Both papers argue the denial of their requests violates state public records law. Prosecutors said that the redacted information is vital to its continuing investigation. Kessler raised concerns about the impact of publication of the full reports would have on grieving family members.

In her ruling, O’Connor said the case was of "great public importance,” revolving around the question of whether the public has a right to review the autopsy reports. But the judge was not persuaded by the newspapers’ arguments to support their case. The coroner and law enforcement had correctly opted to withhold information that is pertinent to an ongoing investigation, O’Connor said.

“The media and the public will always desire to know immediately the goings-on of a criminal investigation before the investigation has traveled its due course, but unfortunately, and in rare cases, time is required so that the path leading to a suspect is followed with certainty before an accused is brought forward,” O'Connor wrote. "The purposes of the Public Records Act can and should be served without jeopardizing the public’s right to confidence in criminal investigations and our legal system. All criminal investigations must be carried out thoroughly, unfettered by collateral interests.”

The murders prompted a large-scale investigation. Authorities have linked marijuana growing and cockfighting operations to the Rhoden family.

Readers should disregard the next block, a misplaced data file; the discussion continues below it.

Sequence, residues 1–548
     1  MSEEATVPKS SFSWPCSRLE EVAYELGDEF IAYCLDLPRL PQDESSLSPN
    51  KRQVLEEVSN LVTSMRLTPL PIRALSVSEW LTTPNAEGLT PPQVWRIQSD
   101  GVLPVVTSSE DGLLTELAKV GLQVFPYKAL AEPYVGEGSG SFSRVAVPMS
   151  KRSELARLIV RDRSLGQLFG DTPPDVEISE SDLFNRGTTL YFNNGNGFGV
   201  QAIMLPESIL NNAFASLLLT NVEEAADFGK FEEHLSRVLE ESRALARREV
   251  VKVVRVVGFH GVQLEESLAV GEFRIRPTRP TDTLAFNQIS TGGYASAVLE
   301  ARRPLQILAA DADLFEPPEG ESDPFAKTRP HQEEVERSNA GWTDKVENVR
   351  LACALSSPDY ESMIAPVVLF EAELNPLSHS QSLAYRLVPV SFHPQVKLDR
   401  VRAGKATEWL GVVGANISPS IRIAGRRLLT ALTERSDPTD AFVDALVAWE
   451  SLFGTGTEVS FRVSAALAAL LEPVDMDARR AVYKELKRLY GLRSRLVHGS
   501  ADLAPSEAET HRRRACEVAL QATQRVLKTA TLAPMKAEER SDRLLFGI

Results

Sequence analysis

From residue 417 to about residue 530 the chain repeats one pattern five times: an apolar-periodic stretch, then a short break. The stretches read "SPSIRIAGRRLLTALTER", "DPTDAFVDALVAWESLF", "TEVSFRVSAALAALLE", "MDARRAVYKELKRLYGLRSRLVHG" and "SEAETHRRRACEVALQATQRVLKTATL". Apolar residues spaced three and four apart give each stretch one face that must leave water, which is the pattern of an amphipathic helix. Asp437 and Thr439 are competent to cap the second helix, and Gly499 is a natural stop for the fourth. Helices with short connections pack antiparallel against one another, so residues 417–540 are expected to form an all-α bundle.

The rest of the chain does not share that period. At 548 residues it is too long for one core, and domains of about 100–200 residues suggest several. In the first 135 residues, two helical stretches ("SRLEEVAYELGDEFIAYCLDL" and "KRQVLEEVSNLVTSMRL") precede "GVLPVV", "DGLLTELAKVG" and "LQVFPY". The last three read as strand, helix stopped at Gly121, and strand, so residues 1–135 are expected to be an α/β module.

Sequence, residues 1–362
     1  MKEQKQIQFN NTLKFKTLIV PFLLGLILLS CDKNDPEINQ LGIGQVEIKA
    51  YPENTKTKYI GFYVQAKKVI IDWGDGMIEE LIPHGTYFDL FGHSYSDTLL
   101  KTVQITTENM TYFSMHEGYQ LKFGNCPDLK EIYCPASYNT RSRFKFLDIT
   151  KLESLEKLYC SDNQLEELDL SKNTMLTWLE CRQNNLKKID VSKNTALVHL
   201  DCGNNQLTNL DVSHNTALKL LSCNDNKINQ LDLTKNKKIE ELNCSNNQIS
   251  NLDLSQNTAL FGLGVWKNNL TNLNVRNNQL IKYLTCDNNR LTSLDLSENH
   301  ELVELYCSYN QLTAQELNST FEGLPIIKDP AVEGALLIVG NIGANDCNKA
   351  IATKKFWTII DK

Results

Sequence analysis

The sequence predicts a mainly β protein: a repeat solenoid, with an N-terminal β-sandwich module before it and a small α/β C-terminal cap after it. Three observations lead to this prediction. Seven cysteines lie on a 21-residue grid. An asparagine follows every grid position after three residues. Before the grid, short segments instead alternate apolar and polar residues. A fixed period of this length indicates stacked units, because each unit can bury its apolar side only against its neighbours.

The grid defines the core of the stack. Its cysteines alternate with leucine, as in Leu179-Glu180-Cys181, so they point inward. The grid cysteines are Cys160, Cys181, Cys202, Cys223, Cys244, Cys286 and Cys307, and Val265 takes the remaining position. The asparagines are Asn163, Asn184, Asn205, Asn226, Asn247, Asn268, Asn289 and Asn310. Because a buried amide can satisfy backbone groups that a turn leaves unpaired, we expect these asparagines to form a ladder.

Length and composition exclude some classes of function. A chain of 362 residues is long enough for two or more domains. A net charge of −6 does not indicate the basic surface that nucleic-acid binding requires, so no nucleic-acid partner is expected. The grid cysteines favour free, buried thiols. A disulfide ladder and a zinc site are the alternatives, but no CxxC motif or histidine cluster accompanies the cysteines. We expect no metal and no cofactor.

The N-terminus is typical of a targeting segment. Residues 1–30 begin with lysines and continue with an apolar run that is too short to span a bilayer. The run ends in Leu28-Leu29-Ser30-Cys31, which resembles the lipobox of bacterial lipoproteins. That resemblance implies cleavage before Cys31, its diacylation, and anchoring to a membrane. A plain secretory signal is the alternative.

The victims, including a 16-year-old boy, were killed execution style. A woman was murdered while she was sleeping next to her baby, who was not harmed.

The redacted autopsy reports showed the victims were found in their homes with multiple gunshot wounds. The reports revealed gunshot wounds to 41-year-old Christopher Rhoden Sr.'s head, upper body and torso.

The court's ruling said the reports included the causes of death for each family member and other information about their injuries. Facts that would shed more light on the path and trajectory of the bullets, identifying characteristics like scars or tattoos, and toxicology findings were left out of the redacted versions, according to O’Connor.

Justice Sharon Kennedy departed from the majority and said she would have allowed the newspapers, who filed separate lawsuits, to inspect the reports. She noted several inconsistencies in the way authorities had obscured information. Descriptions of scars and tattoos were available in some autopsy reports but were redacted in others, she said.

“The autopsy reports are devoid of the coroner’s theories as to who perpetrated the killings,” Kennedy added.

Justice Patrick Fischer also wrote a dissenting opinion. Both Kennedy and Fischer were joined in their dissents by Justice Terrence O’Donnell.

According to the attorney general’s office, the victims of the shootings were Hannah Gilley, 20; Christopher Rhoden Sr., 40; Christopher Rhoden Jr., 16; Clarence Rhoden, 20; Dana Rhoden, 37; Gary Rhoden, 38; Hanna Rhoden, 19; and Kenneth Rhoden, 44.